The next step will create your storage account using the New-AzureRmStorageAccount cmdlet. The storage account will define the storage location, redundancy level, access tier (hot/cool), whether encryption is enabled, etc. You can use the Get-AzureRmStorageAccount cmdlet to get the info for an already existing storage account.

 New-AzureRmStorageAccount -ResourceGroupName $resourceGroupName -Name $storageAccountName -Location "Central US" `
                           -SkuName Standard_GRS -Kind BlobStorage -AccessTier Cool -EnableEncryptionService Blob 
 Get-AzureRmStorageAccount -ResourceGroupName $resourceGroupName -Name $storageAccountName

Now that we have a storage account, we can create a storage container using the New-AzureStorageContainer cmdlet. The storage container is essentially the endpoint for the URL that you will send your backups to. We’ll get the storage account key for the storage account we just created, then use the key to generate a storage context, then finally create the storage container using that storage context.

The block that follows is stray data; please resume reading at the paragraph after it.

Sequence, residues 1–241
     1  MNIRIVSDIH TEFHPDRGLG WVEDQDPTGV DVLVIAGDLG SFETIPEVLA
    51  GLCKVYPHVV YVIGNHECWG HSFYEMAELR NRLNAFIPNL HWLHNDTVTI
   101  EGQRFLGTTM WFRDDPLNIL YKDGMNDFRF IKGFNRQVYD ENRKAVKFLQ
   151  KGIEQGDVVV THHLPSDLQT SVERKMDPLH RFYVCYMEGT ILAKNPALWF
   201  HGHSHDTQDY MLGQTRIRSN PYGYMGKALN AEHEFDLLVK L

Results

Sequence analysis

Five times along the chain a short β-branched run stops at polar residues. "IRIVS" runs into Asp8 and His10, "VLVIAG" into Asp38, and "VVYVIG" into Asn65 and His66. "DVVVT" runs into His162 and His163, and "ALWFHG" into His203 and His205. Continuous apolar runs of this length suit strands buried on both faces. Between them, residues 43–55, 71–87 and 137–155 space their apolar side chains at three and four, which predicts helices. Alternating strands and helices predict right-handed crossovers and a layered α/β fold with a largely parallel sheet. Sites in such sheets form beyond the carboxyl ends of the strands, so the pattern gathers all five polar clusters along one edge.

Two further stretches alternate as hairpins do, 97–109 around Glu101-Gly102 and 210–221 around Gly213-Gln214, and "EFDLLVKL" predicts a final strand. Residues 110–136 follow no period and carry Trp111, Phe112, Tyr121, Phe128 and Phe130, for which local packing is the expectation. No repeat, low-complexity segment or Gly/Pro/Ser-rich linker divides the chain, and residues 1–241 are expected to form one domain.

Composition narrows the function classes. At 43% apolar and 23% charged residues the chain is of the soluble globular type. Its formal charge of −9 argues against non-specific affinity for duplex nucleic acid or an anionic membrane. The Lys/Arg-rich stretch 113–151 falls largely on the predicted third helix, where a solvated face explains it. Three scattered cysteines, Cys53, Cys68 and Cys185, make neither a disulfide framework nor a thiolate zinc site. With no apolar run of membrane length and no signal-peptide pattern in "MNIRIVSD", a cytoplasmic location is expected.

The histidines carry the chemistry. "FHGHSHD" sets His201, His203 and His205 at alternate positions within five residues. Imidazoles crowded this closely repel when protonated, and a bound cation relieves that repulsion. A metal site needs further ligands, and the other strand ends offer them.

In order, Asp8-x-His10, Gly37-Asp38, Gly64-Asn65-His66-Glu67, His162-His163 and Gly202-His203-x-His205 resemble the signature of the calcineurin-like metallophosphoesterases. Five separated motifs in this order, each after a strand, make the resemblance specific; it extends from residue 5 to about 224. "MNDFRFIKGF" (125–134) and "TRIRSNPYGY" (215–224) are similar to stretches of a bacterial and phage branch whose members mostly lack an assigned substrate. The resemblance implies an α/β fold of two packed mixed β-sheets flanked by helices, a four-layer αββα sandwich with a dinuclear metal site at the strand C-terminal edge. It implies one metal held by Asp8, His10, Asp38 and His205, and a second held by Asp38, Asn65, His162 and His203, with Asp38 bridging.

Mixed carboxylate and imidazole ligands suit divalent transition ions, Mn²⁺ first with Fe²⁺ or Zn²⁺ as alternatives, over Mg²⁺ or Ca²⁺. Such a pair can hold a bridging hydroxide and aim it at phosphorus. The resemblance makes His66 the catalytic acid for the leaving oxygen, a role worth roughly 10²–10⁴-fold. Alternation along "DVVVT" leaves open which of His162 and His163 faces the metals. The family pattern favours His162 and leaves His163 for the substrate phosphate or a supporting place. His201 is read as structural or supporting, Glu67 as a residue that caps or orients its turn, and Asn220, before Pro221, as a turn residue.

$accountKeys = Get-AzureRmStorageAccountKey -ResourceGroupName $resourceGroupName -Name $storageAccountName   
 $storageContext = New-AzureStorageContext -StorageAccountName $storageAccountName -StorageAccountKey $accountKeys[0].Value 
 $container = New-AzureStorageContainer -Context $storageContext -Name $containerName 
 $blobContainer = $container.CloudBlobContainer 
 
 # Output the URL to use for your SQL Server backup URL
 Write-Host $BlobContainer.Uri